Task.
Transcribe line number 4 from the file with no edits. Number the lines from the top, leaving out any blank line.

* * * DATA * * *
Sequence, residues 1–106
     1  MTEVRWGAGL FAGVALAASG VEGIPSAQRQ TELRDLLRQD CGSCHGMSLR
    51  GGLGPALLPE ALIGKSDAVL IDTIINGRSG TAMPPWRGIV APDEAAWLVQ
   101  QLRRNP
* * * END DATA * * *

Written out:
   101  QLRRNP